NATO Leaders Agree to Train Iraqi Forces
ISTANBUL, Turkey – NATO leaders agreed Monday to help train Iraq's armed forces, responding to a request from the incoming Iraqi government.
"We have decided today to offer NATO's assistance to the government of Iraq with the training of its security forces," said a statement adopted in the opening session of the NATO summit.
A statement called on alliance officials to "urgently" discuss details of the training plan with the Iraqi authorities. NATO said it would also urgently consider "further proposals to support the nascent Iraqi security institutions."
The number of NATO instructors to be deployed and the timing of the operation were unclear, but the move will give NATO a military presence on the ground in Iraq for the first time. Sixteen nations have sent troops individually to join coalition forces in Iraq.
The initiative came as NATO leaders opened a summit Monday dominated by the situation in Iraq as the U.S.-led administration handed over power to an Iraqi government two days ahead of schedule in an apparent attempt to surprise insurgents.
"We will challenge these elements in Iraq, the antidemocratic elements, by even bringing the handover of sovereignty before June 30 as a sign we are ready for it," Iraq's interim Foreign Minster Hoshyar Zebari (search) said after meeting British Prime Minister Tony Blair (search) on the margin of the NATO meeting.
The transfer of power had been scheduled for Wednesday.
President Bush declared Sunday in Turkey that the alliance was poised to "meet the threats of the 21st century."
Earlier Sunday, Bush sought to strengthen ties with vital ally Turkey, a task complicated by threats from Iraqi militants to decapitate three Turks unless the country's companies stop aiding U.S. forces in Iraq.
Turks overwhelmingly opposed the war in Iraq. Bush, who arrived in the country Saturday, is widely unpopular here — more than 40,000 Turks turned out for a peaceful protest Sunday against his visit and the NATO summit.
On Monday, police used tear gas to stop hundreds of protesters from approaching the conference center where NATO leaders were meeting in Istanbul.
The protesters threw fire-bombs and several police and protesters were injured and were evacuated to local hospitals.
With Bush in town and NATO leaders gathering, Turkish security forces sealed off a large sections of Istanbul amid fears of terrorist attacks and violent protests. Fighter planes flew overhead and 23,000 police and security forces patrolled the streets.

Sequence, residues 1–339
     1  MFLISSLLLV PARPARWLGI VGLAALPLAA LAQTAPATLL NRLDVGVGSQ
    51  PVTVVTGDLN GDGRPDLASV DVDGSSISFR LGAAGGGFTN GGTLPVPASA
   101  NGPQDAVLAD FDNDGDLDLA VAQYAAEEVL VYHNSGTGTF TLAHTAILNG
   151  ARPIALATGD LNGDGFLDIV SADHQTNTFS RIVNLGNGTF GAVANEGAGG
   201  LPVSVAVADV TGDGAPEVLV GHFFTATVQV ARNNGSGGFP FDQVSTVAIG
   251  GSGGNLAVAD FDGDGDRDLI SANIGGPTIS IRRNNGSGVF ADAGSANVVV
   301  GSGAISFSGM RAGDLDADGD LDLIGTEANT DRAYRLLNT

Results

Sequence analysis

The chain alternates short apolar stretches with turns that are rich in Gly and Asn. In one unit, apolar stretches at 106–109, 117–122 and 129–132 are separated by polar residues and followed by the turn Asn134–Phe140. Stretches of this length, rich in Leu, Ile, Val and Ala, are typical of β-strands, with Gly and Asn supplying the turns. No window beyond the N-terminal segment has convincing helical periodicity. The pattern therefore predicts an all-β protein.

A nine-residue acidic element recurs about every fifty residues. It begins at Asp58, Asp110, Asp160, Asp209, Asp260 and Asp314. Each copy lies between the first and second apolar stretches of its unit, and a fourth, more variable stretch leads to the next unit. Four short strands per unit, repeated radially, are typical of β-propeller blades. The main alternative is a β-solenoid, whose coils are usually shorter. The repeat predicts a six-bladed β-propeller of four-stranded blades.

"We have shown that were are firmly resolved to confront risks and threats to our security well beyond NATO's traditional zone of operation," said alliance Secretary General Jaap de Hoop Scheffer (search) as the leaders prepared to confirm the decision on training Iraq's forces.
However, the decision falls well short of U.S. hopes that NATO would assume a major military role in Iraq, perhaps by taking over the multinational-division currently run by Poland.
Opposition from France and Germany has ensured that NATO won't deploy large numbers of troops and differences persist between those nations and the United States over the implementation of the training program.
While Washington foresees a significant NATO involvement, including the setting up of an alliance command in Iraq, Paris and Berlin prefer a lower profile operation, with NATO coordinating national training programs.
Both France and Germany said they prefer to help with training officers outside the country. The United States hopes the training mission could be the first step to a wider NATO role.
The declaration to be adopted by the leaders calls for NATO envoys "to develop on an urgent basis the modalities to implement this decision with the Iraqi government."
Zebari met with his counterparts from NATO nations in Istanbul and diplomats said de Hoop Scheffer may travel soon to Baghdad for more talks.
The summit is also expected to announce an expansion of NATO's peacekeeping mission, in Afghanistan which is currently limited to 6,400 troops in the capital, Kabul, and the northern city of Kunduz.
The summit is expected to authorize more troops for five northern cities and short term deployment of up to 3,000 for election security in September.
Alliance plans for a bigger role in Afghanistan are well behind schedule because nations have been reluctant to provide necessary troops and equipment.
Afghan President Hamid Karzai has long urged a wider NATO role and is expected to attend the summit Tuesday.
The summit is also set to offer a new program of defense cooperation to Middle Eastern nations, agree to hand over peacekeeping in Bosnia to the European Union and set up permanent NATO diplomatic missions in Central Asia and the Caucasus.